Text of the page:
The location, which is on wetlands and in a flood zone, capacity and source of funding is the same as past jail proposals, according to No Whatcom Jails. They emphasized that the proposition does not guarantee the funding of other services but will instead focus on the jail. 

The vision and values of the tax have been decided on, Councilmember Lisa Anderson said. “Exactly how those services get formulated, the plan isn’t completely lined out,” she explained. 

Anderson used to teach GED courses in the current jail. She said her staff was scared to enter the jail, experiencing broken down elevators, detoxing inmates yelling at guards near where they were working and being pushed aside in an emergency. 

The workspace of the medical staff illustrates the lack of space. What was meant to be a small, open room is now cramped with extra desks, some less than a foot away from the cells holding inmates receiving medical attention. “There’s only so much you can do with what we got,” Erickson said.

Before she was a councilmember, Anderson voted against a new jail twice. She did not see enough efforts for the rehabilitation, education or mental health support she believed necessary. 

”It just felt overdone on a law enforcement side,” Anderson said. She now feels individuals in custody will have greater opportunities to address the underlying issues that led them to jail. 

After six councilmembers had shared their support at the hearing, Kristina Michele Martens, the councilmember-at-large, was the only “nay” vote.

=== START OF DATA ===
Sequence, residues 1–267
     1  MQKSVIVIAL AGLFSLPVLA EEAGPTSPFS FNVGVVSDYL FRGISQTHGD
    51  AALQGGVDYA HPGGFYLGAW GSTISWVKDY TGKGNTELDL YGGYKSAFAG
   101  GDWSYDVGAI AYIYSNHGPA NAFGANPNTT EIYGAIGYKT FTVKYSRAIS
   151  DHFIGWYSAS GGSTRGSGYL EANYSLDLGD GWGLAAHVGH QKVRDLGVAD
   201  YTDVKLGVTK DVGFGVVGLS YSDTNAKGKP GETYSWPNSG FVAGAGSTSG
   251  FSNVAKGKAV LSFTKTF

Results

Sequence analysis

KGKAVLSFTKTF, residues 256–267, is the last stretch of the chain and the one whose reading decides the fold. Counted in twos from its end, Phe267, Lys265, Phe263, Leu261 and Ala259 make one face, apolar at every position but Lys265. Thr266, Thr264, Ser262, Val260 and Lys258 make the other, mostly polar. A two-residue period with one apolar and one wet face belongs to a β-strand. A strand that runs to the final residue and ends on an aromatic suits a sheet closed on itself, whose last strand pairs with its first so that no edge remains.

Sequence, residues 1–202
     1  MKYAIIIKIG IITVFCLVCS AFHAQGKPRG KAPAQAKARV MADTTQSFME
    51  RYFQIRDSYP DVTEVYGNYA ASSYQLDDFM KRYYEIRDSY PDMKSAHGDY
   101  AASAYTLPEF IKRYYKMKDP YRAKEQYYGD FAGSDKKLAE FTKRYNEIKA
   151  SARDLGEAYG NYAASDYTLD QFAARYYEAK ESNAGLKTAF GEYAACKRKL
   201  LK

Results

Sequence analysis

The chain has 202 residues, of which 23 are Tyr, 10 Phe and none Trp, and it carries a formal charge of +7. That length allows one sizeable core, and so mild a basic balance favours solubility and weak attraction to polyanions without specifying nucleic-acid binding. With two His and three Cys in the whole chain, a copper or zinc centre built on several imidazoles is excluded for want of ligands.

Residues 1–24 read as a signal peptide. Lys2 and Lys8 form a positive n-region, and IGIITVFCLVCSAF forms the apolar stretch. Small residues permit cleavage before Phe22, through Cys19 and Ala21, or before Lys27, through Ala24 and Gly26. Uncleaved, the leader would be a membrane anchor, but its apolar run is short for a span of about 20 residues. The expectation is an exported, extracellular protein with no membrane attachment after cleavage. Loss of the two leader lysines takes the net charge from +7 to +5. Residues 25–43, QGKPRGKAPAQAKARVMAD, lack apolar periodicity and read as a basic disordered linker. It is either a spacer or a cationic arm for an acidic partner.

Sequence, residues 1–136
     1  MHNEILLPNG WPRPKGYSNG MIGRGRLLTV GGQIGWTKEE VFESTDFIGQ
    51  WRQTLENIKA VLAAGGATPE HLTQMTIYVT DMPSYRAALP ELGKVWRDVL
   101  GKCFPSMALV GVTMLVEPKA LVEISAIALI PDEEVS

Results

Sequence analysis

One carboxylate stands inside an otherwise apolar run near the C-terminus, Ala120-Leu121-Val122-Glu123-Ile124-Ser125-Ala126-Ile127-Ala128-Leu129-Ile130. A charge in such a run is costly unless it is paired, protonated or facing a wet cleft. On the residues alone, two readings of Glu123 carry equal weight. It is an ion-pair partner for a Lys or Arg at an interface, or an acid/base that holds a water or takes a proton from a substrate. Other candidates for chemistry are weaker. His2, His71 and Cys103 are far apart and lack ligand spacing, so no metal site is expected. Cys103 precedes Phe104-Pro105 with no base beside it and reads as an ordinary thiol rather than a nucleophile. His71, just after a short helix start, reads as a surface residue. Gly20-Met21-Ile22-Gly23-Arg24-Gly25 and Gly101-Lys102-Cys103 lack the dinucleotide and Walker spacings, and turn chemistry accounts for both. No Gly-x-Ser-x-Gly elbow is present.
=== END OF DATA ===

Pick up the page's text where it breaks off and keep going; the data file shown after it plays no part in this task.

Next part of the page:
Martens was not surprised at the state of the jail. 

“It's like this everywhere,” she said. “The jail and the prison system itself was never made to be rehabilitation.”

Martens does not think that incarceration, rehabilitation or mental health support should go hand in hand. Uniformed officers are overfunded, while case managers, mental health professionals and the like are underfunded, she said. 

“If we want … a recovery system, that has to be built entirely by the people who specialize in recovery, not in incarceration,” Martens said. 

No Whatcom Jails does not believe a larger jail will do anything for crime rates or substance use. 

“What has been proven to work in reducing crime rates and substance use is increasing social services and alleviating material conditions in communities rather than in jails,” they said. 

No Whatcom Jails is in support of safe needle exchanges, access to Narcan, decriminalization, housing first programs, affordable medical care and more. They cited programs such as the Lummi CEDAR and C.A.R.E. program, the Bellingham Food Bank and the aforementioned GRACE program as effective paths forward. 

Proposition 2023-04 will be on the ballot for the Nov. 7 general election.

Jemma Alexander

Jemma Alexander (she/her) is a campus life reporter for The Front. She is a senior majoring in journalism new/ed and minoring in Arab American studies. When she's not doing homework, Jemma is likely working, talking loudly over movies with her roommates or dancing ’till she drops. You can reach her at